About half way through a piece in today's New York Times titled "Gulf Oil Spill Is Bad, but How Bad?" reporters John M. Broder and Tom Zeller, Jr. turn to the executive director of the Gulf of Mexico Foundation (GMF) for comment:
"The sky is not falling," said Quenton R. Dokken, a marine biologist and the executive director of the Gulf of Mexico Foundation, a conservation group in Corpus Christi, Tex. "We've certainly stepped in a hole and we're going to have to work ourselves out of it, but it isn't the end of the Gulf of Mexico."
The Times is sure to make note that Dokken is a "marine biologist" but what the paper didn't note is that the organization he leads has close ties not only to the oil and gas industry but to the very rig at the center of the ongoing Gulf Coast disaster.
As Newsweek's Daniel Stone notes on The Gaggle blog (emphasis added):
The piece quotes a fellow named Quenton R. Dokken, identified as a "marine biologist" and head of the Gulf of Mexico Foundation, described as a conservation group. Except that describing the Gulf of Mexico Foundation as a conservation group would be like describing Focus on the Family as a pro-choice organization.
Earlier this afternoon, ProPublica offered even more detail (again, emphasis added):
At least half of the 19 members of the group's board of directors  have direct ties to the offshore drilling industry. One of them is currently an executive at Transocean, the company that owns the Deepwater Horizon rig that exploded last month, causing millions of gallons of oil to spill into the Gulf of Mexico.
Seven other board members are currently employed at oil companies, or at companies that provide products and services "primarily" to the offshore oil and gas industry. Those companies include Shell, Conoco Phillips, LLOG Exploration Company, Devon Energy, Anadarko Petroleum Company and Oceaneering International.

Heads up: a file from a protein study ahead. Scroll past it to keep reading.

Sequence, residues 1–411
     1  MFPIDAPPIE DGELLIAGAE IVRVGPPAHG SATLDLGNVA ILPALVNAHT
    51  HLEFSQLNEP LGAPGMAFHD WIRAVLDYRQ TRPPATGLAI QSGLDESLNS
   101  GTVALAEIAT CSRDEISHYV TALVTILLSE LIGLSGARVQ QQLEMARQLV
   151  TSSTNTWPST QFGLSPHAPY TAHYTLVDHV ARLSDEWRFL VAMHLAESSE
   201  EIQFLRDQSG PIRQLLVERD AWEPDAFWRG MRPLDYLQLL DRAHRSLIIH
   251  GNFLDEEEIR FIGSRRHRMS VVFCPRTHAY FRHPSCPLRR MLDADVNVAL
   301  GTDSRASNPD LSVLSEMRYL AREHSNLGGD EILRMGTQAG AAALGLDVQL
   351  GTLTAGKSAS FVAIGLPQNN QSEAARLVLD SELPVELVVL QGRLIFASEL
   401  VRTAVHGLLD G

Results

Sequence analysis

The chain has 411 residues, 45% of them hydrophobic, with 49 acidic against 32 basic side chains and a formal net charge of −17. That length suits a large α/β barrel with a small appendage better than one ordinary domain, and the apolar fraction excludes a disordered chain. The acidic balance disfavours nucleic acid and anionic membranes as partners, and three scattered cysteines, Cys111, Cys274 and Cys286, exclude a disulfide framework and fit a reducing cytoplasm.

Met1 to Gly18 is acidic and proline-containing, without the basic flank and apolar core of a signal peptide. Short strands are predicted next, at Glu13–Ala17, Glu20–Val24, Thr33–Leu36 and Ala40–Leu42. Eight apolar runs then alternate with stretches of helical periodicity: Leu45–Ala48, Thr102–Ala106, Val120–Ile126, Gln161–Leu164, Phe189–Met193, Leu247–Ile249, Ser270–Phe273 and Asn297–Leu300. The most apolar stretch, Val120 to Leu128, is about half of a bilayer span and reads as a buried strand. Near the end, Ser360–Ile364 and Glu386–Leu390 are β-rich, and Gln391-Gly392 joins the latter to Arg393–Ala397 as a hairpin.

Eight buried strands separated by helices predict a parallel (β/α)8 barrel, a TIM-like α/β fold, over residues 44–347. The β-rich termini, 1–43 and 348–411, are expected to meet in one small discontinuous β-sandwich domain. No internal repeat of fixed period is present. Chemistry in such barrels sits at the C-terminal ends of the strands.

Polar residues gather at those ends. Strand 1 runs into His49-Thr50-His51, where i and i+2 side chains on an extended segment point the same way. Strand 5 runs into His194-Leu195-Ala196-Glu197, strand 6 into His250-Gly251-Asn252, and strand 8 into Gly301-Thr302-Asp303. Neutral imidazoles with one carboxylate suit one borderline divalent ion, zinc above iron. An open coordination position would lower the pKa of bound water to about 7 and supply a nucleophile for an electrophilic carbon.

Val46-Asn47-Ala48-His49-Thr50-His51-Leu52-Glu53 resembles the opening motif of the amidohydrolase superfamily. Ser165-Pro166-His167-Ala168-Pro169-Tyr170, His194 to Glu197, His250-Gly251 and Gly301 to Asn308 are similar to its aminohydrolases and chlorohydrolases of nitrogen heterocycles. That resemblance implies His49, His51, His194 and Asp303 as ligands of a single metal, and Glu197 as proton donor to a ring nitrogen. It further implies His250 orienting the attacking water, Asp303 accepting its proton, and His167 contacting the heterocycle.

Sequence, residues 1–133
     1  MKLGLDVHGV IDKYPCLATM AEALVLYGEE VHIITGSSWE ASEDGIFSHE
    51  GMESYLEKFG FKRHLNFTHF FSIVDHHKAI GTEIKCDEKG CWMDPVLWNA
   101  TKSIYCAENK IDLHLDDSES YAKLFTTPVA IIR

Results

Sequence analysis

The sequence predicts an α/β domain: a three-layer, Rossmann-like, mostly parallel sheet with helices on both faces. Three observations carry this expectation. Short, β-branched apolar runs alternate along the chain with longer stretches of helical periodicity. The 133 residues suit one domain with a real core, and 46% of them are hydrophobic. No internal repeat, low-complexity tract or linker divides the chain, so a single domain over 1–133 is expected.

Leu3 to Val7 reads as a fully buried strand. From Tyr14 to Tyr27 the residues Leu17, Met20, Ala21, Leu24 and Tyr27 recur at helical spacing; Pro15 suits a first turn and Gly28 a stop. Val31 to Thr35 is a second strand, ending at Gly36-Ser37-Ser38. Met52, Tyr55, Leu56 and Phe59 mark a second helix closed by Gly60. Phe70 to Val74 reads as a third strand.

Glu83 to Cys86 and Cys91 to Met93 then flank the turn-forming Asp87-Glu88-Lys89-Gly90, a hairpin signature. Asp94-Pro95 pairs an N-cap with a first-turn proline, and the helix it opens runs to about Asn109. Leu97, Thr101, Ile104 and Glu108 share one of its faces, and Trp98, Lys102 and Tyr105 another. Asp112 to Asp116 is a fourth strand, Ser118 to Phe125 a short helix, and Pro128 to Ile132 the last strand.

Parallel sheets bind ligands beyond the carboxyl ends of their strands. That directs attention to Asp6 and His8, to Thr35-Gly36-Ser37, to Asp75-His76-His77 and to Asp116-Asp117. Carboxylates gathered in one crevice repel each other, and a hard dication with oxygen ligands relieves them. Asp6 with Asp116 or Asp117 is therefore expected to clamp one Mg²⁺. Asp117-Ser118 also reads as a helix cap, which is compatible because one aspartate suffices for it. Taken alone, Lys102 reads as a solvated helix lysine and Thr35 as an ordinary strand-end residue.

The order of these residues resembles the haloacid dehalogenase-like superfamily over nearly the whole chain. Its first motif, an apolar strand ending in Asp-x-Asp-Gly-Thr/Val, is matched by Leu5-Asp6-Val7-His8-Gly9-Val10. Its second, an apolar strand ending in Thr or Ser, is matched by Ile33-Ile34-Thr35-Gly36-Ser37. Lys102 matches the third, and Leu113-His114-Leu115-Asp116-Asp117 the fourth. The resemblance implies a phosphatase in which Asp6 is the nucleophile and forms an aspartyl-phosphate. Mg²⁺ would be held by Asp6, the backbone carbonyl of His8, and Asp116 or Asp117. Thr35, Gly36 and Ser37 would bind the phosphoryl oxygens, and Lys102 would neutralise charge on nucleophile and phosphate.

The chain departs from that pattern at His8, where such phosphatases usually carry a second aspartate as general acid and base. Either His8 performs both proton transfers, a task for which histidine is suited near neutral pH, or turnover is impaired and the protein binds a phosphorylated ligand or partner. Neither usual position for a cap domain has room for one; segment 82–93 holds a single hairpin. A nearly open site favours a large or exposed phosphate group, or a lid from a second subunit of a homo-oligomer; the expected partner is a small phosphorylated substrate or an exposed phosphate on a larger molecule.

The Gulf of Mexico Foundation's president is a retired senior vice president of Rowan Companies Inc., an offshore drilling contractor.
Meanwhile, Transocean hosted the group's winter board meeting in January and sponsored a dinner for the board of directors. Past board meetings have been hosted in full or in part by Anadarko Petroleum Company, Shell Exploration and Production, Valero Refinery and Marathon Oil Corporation.
In an update to its original story, ProPublica's Marian Wang quotes the Times' Zeller claiming "space constraints" were at least partially to blame even though it was "probably always better to err on the side of full disclosure."
Disturbingly, Zeller essentially dismissed concerns about the GMF's industry ties and never addressed the chilling fact that the group has ties to the very company that owns the "rig that exploded last month, causing millions of gallons of oil to spill into the Gulf of Mexico" as ProPublica put it in its initial story.